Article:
This is my daughter Issy. Isabel. It was taken five years ago when I took the family to Arapawa Island for research for The Blue. That's the mouth of Tory Channel behind her. She and her brothers loved the rope swing, the way it flung them out towards the steep drop to the water and brought them safely back.
Issy's been very unwell lately - stopped unexpectedly over the steep drop and struggling to get back - so I haven't thought of blogging this past week. There was nothing in me to write about. I needed energy and optimism. And then my computer started doing strange things and I couldn't use the internet, so there was no blog-watching either.
Nothing for it but to spend the spare moments, when Issy didn't need me, on marking the last of those creative writing papers, polishing up that manuscript assessment and sorting out the boxes of writing notebooks I've collected. I forgot I had so many (all those fragments of thoughts and observations - what to do with them?)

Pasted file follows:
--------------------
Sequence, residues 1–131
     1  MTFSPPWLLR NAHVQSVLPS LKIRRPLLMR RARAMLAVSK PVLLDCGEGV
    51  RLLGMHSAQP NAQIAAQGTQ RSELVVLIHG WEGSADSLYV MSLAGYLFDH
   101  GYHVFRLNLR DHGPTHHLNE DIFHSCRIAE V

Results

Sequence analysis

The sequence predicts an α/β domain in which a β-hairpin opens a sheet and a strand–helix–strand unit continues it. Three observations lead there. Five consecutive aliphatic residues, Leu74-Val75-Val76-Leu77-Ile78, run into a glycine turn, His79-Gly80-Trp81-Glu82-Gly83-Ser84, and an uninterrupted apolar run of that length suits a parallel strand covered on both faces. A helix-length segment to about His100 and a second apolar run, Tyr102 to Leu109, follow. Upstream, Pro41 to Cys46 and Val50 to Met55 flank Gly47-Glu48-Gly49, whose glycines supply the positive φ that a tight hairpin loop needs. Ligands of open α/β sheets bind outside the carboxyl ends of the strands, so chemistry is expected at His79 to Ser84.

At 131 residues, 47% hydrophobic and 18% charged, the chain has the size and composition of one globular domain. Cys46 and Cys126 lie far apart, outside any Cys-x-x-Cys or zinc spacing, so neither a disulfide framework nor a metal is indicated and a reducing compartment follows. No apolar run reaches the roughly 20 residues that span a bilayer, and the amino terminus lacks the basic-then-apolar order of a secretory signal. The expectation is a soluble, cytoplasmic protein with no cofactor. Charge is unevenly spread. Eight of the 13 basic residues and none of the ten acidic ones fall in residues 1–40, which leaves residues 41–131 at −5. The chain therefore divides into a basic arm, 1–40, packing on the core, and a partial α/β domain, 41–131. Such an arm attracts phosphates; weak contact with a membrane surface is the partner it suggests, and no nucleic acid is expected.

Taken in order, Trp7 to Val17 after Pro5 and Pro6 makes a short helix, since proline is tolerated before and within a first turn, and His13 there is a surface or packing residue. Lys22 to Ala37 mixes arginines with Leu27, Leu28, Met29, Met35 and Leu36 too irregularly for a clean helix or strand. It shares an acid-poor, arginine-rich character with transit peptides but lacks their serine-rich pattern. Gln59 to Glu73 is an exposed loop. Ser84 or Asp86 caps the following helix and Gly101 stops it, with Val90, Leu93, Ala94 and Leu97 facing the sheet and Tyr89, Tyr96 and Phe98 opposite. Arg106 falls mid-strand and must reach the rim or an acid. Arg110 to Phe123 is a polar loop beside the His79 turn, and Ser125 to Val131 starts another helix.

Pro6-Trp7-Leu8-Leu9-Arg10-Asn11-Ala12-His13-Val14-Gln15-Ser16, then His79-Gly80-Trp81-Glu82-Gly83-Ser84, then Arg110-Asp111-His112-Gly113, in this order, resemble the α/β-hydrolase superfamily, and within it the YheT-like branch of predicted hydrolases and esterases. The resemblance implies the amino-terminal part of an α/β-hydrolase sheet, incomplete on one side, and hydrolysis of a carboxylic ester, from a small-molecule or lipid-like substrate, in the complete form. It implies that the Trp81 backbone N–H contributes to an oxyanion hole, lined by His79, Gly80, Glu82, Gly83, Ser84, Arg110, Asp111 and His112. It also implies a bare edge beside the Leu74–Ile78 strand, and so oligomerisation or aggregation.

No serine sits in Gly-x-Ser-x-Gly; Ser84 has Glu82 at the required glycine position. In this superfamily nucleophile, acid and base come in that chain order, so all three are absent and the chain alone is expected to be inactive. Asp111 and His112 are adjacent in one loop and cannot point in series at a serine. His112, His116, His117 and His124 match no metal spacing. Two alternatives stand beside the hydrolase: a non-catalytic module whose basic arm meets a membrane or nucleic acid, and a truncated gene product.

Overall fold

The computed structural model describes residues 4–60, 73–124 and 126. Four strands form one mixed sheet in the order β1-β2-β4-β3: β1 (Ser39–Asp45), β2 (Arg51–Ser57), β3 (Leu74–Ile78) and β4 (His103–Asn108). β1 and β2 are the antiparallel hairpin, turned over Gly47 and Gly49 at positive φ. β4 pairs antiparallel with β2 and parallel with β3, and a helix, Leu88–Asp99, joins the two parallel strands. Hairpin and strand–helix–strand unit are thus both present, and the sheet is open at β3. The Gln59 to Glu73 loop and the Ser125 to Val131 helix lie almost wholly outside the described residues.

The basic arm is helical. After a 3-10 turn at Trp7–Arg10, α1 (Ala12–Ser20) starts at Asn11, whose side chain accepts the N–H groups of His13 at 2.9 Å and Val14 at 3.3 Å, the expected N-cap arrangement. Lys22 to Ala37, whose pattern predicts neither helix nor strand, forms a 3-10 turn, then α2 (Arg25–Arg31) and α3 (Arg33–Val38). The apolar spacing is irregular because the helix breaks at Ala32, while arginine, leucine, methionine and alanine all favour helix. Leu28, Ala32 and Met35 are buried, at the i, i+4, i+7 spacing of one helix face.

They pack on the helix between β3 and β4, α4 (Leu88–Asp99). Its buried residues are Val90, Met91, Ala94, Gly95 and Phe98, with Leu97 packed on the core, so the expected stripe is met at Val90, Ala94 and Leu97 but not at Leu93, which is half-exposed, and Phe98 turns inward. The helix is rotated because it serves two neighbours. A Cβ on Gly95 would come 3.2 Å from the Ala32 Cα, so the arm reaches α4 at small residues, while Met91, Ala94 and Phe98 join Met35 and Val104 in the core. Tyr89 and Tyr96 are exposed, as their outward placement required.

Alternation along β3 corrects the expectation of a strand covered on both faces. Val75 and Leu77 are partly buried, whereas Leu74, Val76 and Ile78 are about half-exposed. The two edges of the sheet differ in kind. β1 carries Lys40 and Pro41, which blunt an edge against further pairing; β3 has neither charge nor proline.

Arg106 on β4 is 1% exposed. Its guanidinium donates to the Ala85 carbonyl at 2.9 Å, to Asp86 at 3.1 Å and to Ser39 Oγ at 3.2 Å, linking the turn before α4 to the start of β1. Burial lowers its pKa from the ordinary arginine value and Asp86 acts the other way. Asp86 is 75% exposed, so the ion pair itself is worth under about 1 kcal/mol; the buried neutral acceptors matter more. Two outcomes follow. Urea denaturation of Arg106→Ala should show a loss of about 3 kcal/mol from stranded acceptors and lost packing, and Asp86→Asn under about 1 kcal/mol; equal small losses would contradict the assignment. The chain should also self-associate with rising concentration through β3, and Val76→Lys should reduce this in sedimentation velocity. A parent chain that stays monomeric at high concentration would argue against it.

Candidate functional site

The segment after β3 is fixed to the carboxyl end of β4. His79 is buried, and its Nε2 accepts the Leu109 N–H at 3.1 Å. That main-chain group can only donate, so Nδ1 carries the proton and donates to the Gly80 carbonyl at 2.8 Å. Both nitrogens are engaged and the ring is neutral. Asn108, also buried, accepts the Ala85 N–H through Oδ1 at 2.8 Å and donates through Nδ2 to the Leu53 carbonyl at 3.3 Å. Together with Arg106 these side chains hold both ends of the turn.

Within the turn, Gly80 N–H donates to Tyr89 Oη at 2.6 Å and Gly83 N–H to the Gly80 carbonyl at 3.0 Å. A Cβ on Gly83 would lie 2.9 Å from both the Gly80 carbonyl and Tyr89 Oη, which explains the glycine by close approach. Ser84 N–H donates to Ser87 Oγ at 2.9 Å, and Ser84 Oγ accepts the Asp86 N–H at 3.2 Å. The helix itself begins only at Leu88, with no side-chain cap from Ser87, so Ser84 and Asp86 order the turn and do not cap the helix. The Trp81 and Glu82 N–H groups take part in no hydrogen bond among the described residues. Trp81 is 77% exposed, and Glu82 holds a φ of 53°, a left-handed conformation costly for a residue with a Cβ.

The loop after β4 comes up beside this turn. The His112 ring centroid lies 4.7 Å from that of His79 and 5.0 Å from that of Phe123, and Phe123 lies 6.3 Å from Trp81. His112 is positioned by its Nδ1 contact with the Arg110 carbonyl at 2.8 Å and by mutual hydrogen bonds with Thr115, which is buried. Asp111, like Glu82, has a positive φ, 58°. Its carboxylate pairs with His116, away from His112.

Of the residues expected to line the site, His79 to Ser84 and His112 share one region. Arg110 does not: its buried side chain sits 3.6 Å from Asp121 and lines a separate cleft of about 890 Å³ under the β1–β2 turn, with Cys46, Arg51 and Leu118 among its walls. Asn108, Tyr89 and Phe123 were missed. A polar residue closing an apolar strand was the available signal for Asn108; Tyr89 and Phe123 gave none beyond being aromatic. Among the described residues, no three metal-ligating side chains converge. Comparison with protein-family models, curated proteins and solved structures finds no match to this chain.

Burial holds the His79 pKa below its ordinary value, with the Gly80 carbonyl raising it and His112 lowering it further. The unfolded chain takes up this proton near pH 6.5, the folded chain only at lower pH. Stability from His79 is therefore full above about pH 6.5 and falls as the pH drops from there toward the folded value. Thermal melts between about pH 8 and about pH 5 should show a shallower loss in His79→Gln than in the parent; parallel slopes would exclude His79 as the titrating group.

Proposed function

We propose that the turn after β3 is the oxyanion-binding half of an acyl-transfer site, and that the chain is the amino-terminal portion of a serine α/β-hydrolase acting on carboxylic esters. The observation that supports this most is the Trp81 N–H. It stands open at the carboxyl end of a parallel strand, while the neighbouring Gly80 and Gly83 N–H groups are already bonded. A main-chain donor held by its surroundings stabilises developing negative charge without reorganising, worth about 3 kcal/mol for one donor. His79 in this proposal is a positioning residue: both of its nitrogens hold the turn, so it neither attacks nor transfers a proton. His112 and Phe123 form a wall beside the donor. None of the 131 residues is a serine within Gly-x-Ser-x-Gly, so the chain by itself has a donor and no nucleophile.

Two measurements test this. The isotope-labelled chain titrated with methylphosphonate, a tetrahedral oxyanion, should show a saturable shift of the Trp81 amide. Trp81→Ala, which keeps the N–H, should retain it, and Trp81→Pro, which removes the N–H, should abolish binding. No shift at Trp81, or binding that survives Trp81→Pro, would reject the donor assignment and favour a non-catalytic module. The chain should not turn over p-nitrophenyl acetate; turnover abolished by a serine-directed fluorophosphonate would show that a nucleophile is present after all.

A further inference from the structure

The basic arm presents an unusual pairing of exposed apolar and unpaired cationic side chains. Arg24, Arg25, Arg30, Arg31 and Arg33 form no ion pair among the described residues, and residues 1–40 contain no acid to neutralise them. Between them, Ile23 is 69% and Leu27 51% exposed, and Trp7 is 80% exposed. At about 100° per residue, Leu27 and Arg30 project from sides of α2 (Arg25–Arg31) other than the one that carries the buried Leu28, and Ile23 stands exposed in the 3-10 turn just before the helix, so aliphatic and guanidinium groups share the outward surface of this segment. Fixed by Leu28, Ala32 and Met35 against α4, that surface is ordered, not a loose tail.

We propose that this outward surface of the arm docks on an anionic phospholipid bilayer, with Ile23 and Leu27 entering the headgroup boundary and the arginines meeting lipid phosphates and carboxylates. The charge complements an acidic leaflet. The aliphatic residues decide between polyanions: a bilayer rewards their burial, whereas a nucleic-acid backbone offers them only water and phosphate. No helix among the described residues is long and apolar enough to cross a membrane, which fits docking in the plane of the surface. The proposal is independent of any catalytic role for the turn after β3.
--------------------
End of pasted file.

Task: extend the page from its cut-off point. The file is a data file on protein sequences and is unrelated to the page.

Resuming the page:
I also started reading to Issy again: Neil Gaiman's The Graveyard Book which I blogged on here. It's terrific so far. The sort of thrill I got from the beginning of Great Expectations, and the Leon Garfield books I read as a teenager.
The Blue has provided some entertainment on National Radio every morning. An odd experience, but I'm warming to it. I found the way the finished, crafted work (the novel) had been cut to create a new work difficult at first. Things are juxtaposed differently, events left out, the fine balance I tried to achieve between action and thought in a character, changed. But of course it had to be done, and some of the changes are felicitous.
The actors' voices take the text away now, and it's as if I'm looking at the story from the outside and can appreciate it anew. I even cried at one point! It's actually a fine adaptation by Frances Edmond, directed by Jane Waddell, and it moves me to think of people sitting at home and in their cars, and listening to it.
And Issy's getting better, although she is a little fragile.
I wish we had a swing in our garden like we used to - it was nothing like the Arapawa Island rope swing - but it did the job.
Late News: I have just realised this is my 101st post on O Audacious Book. Goodness, so many. Thank you to all my regular visitors and those who just fall here out of the sky - the man from Portugal who commented on this post for one.